Wednesday, November 10, 2010

EPA issues emissions rules for oil and gas industry

On Tuesday, the U.S. Environmental Protection Agency issued its final rules requiring oil and gas facilities and some electronic manufacturing plants to monitor greenhouse gas emissions. "The new regulations will add those industries to EPA's Greenhouse Gas Reporting Program, which kicked off at the beginning of this year," Gabriel Nelson of Greenwire reports for The New York Times. "Companies are not required to achieve any emissions reductions through the program, but they must produce annual emissions reports that are intended to inform the public and guide policymakers in the quest to address global warming."

"Industry groups such as the American Petroleum Institute have criticized the new rules, saying EPA has underestimated the cost of compliance," Nelson writes. "Because many oil and gas producers rely on smaller facilities in remote areas, the industry will have a harder time complying than other sectors, some of the nation's largest energy companies argued during meetings with White House economists this fall." The oil and gas industry was the last high-profile sector not addressed when EPA issues reporting requirements last year. Petroleum facilities are estimated to contribute about 2 to 3 percent of the nation's greenhouse gases.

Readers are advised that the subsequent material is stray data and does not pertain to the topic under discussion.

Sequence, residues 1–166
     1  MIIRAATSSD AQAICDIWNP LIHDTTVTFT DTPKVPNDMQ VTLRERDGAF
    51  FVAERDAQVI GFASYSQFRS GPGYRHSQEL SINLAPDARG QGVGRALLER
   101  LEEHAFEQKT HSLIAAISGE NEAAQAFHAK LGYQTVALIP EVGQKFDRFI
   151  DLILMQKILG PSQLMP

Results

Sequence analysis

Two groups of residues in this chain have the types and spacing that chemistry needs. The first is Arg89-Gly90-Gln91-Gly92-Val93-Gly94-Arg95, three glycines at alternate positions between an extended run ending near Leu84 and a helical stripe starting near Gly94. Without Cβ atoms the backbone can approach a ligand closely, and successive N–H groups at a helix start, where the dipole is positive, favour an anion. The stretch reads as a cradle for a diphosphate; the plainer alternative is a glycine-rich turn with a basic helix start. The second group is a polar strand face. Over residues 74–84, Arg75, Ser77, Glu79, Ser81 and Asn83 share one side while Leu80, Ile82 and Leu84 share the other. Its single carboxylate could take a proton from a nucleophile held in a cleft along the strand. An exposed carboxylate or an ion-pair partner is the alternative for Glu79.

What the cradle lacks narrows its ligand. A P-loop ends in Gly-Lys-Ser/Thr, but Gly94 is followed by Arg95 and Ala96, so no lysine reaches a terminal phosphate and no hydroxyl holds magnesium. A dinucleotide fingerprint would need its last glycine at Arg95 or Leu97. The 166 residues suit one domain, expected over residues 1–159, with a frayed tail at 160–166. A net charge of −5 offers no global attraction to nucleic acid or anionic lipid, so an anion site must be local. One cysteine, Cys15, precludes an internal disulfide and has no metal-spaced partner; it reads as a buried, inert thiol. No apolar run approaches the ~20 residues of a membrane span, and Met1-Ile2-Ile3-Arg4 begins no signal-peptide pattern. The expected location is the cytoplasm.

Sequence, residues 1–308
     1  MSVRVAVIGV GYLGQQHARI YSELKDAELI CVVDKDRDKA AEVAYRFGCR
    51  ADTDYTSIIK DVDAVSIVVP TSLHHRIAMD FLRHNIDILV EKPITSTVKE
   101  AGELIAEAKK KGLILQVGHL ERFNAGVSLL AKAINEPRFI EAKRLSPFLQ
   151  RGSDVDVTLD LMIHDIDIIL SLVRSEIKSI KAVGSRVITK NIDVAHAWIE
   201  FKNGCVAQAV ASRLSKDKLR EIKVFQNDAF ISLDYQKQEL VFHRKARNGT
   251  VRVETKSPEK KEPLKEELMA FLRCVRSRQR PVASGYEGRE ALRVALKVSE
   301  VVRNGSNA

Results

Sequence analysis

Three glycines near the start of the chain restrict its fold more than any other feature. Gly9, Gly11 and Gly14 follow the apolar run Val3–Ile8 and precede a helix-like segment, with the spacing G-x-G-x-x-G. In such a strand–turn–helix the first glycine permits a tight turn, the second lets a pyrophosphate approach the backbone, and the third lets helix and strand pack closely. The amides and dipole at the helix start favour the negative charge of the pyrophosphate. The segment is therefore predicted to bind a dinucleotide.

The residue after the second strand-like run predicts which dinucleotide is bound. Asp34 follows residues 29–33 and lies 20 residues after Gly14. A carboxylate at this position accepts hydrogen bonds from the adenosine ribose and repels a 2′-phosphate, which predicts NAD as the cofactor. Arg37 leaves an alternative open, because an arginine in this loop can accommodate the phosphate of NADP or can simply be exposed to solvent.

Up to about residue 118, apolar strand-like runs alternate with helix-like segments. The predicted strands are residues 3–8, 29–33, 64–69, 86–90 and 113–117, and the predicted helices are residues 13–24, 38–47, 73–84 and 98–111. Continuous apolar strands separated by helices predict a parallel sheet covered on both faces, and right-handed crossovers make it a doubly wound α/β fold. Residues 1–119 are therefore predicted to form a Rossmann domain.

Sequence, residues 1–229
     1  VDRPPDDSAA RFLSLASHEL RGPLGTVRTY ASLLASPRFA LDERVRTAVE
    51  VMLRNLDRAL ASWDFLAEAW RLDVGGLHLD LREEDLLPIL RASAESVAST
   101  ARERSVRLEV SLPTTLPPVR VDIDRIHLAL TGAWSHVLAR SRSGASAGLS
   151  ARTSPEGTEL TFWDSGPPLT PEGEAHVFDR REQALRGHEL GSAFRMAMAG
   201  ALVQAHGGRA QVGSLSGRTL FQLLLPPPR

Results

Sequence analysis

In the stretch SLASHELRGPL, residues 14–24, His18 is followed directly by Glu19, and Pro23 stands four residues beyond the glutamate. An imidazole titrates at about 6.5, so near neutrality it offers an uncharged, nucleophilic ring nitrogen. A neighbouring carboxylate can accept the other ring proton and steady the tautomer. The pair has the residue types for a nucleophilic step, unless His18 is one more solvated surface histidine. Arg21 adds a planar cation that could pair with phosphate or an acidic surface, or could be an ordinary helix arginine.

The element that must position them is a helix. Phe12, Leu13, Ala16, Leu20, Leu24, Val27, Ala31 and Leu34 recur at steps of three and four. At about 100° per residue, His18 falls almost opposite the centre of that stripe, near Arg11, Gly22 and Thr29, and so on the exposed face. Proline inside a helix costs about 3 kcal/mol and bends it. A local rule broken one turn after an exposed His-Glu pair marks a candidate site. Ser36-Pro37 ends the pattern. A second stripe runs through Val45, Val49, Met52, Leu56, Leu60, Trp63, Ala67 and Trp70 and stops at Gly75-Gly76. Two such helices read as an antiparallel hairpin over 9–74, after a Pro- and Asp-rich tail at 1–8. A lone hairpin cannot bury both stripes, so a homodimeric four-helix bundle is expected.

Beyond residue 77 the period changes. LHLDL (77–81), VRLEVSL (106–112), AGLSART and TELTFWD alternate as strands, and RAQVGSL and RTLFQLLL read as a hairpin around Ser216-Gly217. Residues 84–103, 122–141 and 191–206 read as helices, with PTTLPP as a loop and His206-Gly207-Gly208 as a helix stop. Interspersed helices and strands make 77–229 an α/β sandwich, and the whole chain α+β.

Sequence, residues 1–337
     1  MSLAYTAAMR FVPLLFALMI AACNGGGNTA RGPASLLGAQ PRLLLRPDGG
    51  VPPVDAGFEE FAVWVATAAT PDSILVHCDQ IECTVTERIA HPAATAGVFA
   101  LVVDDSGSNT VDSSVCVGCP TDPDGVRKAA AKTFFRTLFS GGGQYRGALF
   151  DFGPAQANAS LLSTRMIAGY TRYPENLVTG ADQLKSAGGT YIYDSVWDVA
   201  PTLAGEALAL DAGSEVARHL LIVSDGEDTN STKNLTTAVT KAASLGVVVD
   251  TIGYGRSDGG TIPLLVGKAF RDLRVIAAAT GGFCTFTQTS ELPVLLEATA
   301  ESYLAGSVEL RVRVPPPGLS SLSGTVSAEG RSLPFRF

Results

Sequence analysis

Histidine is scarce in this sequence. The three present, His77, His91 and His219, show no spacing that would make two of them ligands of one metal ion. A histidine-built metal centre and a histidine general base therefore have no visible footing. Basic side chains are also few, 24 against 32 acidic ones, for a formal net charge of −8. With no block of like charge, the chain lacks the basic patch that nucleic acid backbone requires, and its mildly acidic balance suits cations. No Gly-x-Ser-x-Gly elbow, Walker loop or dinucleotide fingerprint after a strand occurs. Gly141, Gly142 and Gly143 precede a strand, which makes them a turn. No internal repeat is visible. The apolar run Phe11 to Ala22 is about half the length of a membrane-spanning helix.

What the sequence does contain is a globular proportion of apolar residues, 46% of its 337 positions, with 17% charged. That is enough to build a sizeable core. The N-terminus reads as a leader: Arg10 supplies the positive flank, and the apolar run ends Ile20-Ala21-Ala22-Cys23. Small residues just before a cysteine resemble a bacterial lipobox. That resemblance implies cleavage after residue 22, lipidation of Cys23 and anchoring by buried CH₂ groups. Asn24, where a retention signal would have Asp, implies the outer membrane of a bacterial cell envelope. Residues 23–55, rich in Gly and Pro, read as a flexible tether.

"For far too long the public has been kept in the dark about the large volumes of pollution released from facilities in the oil and gas sector," said Emma Cheuse, an attorney at Earthjustice. "EPA's action will strengthen public accountability for this major source of global warming pollution." EPA estimated the cost to the industry would be $62 million for the first year and $19 million for following years or about $22,000 per facility next year. Industry officials said some companies would need to spend between $100,000 and $850,000 on data management software. (Read more)

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